I was fortunate enough to get a chance to participate in the Jenesys programme, which involved the ASEAN and Oceania countries and was held in Tokyo.
Jenesys stands for Japan East Asia Network of Exchange for Students and Youths Subsidy Programme. It is organised by the Japanese government to diversify youth exchanges between Japan and other countries in the hopes of building strong ties.
Application was a breeze and I arrived in Tokyo in early December last year, with 18 other Singaporeans that had been selected to go for the trip.
We met the delegates from the other countries in Tokyo and then we were separated into our different groups to go to the different prefectures in Japan.
STUCK ON TOKYO: First group photo outside a shopping center in Tokyo
We first went to Shizuoka by bus. For lunch, we got to make our own Okonomiyaki, an omelette dish that was popular there.
After that, we went to one of the shrines in Shizuoka near Mount Fuji. It was very pretty, and the guide there explained to us the history behind it and some of the rituals at the shrine. The guide also explained about the Japanese belief of Shintoism, which was more a belief in the forces of nature.
STAY CALM AND PRAY ON: A Shinto shrine in Shizuoka
It was an amazing experience, because I finally got to see Mount Fuji up close, and why poets love it.
HEART-STOPPING: View of Mount Fuji from my hotel room
On we went, to Heda Island, where we had a short homestay in a private inn. Dinner was a meal fit for a king. We also experienced the public baths for the first time, which was embarrassing at first, we were all quite self-conscious but we decided to just try it since we were all there.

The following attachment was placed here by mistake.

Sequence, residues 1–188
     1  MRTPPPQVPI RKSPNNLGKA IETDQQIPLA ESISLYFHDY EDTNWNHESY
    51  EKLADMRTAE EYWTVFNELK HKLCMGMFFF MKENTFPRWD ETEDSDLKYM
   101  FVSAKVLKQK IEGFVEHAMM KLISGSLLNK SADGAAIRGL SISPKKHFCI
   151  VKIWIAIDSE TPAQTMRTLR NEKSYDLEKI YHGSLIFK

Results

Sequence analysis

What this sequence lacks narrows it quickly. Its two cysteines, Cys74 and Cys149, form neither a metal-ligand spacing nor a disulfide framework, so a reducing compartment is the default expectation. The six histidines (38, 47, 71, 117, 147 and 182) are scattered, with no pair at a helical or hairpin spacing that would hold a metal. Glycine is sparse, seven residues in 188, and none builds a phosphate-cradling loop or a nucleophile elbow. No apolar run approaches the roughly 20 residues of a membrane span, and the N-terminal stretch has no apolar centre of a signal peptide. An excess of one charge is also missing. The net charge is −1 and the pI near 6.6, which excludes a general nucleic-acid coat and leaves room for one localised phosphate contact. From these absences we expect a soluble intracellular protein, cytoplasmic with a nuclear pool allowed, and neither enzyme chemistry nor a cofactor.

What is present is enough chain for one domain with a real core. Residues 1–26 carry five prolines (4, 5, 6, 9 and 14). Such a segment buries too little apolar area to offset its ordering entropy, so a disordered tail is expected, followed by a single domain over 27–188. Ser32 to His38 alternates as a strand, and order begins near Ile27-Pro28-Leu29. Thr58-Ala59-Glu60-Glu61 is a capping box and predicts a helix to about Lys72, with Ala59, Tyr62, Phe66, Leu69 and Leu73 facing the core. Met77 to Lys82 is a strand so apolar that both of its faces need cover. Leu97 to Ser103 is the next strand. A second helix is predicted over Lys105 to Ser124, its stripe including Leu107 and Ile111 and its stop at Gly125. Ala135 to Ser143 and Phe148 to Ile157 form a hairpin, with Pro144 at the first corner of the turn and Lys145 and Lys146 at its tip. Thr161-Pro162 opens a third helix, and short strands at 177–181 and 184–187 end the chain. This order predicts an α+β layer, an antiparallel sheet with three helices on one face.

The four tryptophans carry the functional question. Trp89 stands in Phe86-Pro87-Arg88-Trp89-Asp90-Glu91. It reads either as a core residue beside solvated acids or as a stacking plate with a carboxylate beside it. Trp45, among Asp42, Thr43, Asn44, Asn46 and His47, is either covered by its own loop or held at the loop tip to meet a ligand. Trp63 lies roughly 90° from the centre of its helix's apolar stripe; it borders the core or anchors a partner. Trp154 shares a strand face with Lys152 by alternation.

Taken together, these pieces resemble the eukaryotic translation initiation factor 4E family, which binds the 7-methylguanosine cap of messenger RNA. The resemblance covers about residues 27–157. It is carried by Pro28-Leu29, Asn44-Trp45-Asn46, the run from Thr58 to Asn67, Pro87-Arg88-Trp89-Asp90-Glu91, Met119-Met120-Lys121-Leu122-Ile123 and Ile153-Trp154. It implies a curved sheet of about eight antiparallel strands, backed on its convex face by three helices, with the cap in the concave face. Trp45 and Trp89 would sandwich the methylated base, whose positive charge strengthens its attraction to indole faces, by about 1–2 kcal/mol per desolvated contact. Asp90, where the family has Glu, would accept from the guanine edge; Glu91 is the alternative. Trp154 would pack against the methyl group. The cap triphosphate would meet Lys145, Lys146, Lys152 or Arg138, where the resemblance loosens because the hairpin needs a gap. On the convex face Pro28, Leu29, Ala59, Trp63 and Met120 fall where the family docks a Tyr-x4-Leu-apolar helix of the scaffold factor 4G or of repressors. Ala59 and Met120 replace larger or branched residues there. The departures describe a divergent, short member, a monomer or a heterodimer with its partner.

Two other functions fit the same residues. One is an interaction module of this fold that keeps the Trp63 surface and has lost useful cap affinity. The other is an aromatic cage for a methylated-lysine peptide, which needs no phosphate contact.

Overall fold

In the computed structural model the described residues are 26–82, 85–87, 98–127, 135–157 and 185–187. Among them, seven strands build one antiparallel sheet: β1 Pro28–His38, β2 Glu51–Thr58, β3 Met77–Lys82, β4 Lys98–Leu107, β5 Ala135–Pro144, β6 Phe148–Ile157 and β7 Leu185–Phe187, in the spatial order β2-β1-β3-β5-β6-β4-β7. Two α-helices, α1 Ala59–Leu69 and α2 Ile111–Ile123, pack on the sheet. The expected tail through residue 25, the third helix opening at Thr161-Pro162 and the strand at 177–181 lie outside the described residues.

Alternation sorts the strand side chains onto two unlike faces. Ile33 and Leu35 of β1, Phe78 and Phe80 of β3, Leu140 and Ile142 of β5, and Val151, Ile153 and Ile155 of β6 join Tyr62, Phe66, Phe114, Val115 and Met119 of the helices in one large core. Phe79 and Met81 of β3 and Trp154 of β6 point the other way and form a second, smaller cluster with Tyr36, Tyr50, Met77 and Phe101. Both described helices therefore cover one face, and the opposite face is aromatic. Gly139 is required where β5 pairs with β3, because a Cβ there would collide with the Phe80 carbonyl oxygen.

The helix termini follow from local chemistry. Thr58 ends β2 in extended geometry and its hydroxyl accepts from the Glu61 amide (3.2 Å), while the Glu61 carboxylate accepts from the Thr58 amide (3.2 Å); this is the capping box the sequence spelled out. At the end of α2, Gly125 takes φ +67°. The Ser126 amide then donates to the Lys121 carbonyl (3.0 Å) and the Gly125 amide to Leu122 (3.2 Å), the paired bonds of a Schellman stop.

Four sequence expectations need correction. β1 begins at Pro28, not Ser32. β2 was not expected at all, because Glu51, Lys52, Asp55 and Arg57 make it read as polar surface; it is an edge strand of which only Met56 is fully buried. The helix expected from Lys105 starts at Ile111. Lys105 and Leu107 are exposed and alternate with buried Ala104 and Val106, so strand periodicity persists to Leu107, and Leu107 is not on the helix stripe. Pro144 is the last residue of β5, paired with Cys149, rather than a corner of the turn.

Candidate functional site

DINE LIKE A KING: Feast prepared by our host on Heda Island
When we went back to Tokyo, we all had to come up with vision boards of what we had experienced at the different prefectures, which was a good way to show the different colours and sights of Japan.
The trip was organised as a way to promote Japan and it definitely worked, because all of us who went had nothing but praise for Japan when we returned. The Japan are an extremely polite and conscientious people, and they are very considerate towards the environment.
They are all extremely punctual, and they explain everything and take care of all the small details when planning our itinerary. While Japan is known for having advanced technology, they are also still immersed in their roots, keeping to their traditions and culture from centuries ago.
HAPPY TOGETHER: Therese (third from left) with other delegates after their performance at the end of the Jenesys trip.
Written by Therese Morningstar Grosse,
Year 3, Diploma in Media & Communication